A product recall takes place when a company has sold a defective or hazardous product and is then responsible for retrieving and fixing or replacing the product.
This can have a large number of negative effects on a company. In addition to the financial loss due to fines, lawsuits and the recall itself, the loss of brand reputation can be significant and difficult to repair.
One of the largest product recalls to happen recently was the so-called "Dieselgate". This recall occurred when it was discovered that VW had been cheating on diesel engine emission tests in many countries.
The effects of this were huge. VW had to recall and refit around eleven million vehicles. The cost of the recall to VW, combined with the fines and lawsuits, came to $14 billion. Furthermore, their stock price was 30% down from the previous year, and sales dropped dramatically across all markets.
Needless to say, this recall has dealt a huge blow to VW. However, they were far from the only company in a similar predicament, with Toyota and Ford vehicles both being subject to recall. Outside of the auto industry, a notable example is Keurig, the coffee machine maker, who had to recall 7.2 million coffee makers a few years ago.
Each product recall has its own individual specifics, but overall, recalls can be split into two broad categories. The first, like VW's, is a knowing attempt to sell a product that is defective or does not meet mandatory regulations. In many countries, this constitutes a crime and obviously, no company should ever attempt this.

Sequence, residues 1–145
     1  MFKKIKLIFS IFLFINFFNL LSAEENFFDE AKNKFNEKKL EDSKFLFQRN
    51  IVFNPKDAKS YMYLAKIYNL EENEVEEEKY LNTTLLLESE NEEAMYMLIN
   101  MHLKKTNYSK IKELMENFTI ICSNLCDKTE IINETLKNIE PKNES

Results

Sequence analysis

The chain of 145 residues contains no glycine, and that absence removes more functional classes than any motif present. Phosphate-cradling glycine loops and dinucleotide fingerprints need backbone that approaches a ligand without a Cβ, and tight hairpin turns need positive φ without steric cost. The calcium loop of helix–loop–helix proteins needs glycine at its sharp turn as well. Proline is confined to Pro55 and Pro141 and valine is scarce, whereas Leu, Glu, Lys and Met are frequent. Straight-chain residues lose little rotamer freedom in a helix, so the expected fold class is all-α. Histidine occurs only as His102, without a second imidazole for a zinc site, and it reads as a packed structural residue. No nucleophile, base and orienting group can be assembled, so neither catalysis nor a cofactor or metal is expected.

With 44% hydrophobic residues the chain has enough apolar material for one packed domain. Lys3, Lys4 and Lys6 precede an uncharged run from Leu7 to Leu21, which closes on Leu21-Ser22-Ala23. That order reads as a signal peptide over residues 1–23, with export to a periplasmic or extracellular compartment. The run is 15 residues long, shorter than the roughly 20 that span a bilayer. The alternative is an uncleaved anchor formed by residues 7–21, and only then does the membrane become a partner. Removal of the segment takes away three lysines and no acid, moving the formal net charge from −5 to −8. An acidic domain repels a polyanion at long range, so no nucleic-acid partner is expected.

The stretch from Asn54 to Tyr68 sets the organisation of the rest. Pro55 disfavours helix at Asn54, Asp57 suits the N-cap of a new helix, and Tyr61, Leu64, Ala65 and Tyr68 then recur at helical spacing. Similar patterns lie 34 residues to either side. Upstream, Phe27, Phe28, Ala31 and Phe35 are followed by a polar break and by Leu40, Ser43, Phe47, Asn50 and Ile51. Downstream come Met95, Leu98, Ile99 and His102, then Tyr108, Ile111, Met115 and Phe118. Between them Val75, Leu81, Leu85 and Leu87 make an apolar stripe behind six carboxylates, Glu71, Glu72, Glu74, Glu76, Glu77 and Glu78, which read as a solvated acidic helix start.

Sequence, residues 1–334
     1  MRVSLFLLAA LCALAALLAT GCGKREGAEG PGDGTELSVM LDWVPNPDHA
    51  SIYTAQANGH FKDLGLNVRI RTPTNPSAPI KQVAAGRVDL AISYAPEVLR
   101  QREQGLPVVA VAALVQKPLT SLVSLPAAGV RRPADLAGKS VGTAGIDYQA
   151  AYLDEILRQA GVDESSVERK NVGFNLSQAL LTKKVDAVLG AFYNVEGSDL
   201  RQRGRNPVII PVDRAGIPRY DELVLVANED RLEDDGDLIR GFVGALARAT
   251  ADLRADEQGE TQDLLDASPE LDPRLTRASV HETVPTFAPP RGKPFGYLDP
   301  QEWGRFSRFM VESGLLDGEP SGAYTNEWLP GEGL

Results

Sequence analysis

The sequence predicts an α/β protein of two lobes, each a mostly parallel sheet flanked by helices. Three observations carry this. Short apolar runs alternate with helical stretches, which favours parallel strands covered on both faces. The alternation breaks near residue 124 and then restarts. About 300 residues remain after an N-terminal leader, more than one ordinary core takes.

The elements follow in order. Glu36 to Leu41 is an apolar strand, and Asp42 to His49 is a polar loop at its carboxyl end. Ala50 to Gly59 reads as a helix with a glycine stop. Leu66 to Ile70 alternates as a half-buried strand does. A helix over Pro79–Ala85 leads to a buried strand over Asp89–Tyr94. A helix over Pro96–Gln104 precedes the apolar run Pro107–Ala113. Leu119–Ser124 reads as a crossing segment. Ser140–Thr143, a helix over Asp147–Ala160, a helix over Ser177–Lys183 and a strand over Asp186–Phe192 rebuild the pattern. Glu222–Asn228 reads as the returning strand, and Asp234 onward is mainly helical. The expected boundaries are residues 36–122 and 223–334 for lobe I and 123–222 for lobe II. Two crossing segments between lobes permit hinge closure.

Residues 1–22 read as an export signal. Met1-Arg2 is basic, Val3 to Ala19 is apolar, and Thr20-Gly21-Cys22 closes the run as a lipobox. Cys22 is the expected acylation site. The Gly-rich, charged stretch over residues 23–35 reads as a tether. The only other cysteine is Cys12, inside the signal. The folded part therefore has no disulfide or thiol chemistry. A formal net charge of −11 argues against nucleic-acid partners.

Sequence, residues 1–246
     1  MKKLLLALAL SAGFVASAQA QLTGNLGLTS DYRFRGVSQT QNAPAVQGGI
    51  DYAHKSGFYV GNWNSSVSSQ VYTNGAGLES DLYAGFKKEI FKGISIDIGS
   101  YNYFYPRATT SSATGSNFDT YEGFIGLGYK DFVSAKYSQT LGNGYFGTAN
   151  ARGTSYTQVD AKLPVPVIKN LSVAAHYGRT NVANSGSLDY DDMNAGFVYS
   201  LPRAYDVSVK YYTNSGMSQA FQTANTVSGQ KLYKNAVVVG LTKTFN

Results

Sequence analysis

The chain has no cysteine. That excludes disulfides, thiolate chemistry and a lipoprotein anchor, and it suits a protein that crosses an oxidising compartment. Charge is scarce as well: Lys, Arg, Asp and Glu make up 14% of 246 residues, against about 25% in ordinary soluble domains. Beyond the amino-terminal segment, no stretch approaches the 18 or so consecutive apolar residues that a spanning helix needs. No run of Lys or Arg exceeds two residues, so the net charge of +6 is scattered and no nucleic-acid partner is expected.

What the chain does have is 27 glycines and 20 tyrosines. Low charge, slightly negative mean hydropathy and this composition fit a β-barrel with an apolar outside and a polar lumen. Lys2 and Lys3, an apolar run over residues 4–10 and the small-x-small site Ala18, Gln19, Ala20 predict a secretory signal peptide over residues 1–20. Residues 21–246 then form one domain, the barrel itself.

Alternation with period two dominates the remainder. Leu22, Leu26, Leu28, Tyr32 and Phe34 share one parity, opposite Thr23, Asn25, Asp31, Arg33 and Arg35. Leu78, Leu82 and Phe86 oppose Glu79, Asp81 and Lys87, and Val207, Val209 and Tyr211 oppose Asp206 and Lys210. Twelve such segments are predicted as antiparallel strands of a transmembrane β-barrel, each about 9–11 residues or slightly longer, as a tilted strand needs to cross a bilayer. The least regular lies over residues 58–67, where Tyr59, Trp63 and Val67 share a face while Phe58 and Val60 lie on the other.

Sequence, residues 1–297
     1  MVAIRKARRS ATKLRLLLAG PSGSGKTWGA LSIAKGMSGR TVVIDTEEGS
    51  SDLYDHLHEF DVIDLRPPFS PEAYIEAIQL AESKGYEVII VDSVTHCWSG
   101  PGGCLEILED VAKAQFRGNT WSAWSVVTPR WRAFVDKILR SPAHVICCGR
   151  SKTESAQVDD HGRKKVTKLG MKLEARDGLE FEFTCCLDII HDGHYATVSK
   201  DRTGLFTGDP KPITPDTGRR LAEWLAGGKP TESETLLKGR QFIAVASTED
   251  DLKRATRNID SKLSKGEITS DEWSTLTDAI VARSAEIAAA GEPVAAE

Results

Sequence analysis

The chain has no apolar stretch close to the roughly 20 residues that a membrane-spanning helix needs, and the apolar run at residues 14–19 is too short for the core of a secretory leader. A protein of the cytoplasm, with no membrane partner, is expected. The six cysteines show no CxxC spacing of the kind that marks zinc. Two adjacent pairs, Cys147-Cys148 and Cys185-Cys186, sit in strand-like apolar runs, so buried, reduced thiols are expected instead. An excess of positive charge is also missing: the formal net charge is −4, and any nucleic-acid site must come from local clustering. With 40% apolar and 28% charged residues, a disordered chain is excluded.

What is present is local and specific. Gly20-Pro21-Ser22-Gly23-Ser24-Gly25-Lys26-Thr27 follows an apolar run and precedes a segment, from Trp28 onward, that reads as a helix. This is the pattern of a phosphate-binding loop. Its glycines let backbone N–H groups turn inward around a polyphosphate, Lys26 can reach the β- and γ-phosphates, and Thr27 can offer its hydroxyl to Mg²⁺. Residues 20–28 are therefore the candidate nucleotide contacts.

However, even a law-abiding business can fall victim to the second type of recall: one that happens due to unknowingly manufacturing and selling a defective product.
Such recalls can happen for a variety of reasons, but most commonly, they take place due to the global nature of modern manufacturing. In the past, a manufacturer would buy raw materials, then build each component and assemble the product all in the same factory. If there was a problem with, for example, door hinge assemblies, you could just walk over to Dave's workbench and find out what's going on.
Nowadays, with globally distributed supply chains and outsourced and offshored manufacturing, it is becoming much harder to ensure that products maintain their level of quality. Businesses that outsource their production often only get to see the finished product, and by that time, it’s too late to interfere in the manufacturing process if something has gone wrong.
The most effective way to avoid a product recall is to monitor your manufacturing processes and inspect your products to ensure their continued compliance with your specifications.
It is not enough to only perform an initial quality assurance test on the first batch. Just because you haven't changed anything, you shouldn't assume that some important aspect of the product has not been altered without your knowledge. Any such alterations can potentially make your product fail mandatory regulations.
To ensure that your products remain compliant, you need product inspections spanning your supply chain. The components used in your product must be continually subjected to inspection, as it is quite common for suppliers to make changes to their products without telling you (for example, to cut costs). If you are the importer of the product to a market like the United States, then you are responsible for the product and any subsequent recall.
This means it is also your responsibility to know exactly what’s going on in your supply chain.
Rigorous, independent, and certified product inspection is best left to the experts. QIMA operates in over 85 countries, with 20 offices and over 2,000 inspectors and auditors specialized by product range. We guarantee to have an inspector in any factory in the world within 48 hours.
We are able to inspect your product at all key stages of production:
In addition, we offer:
Get in contact with QIMA today and stop worrying about product recalls.
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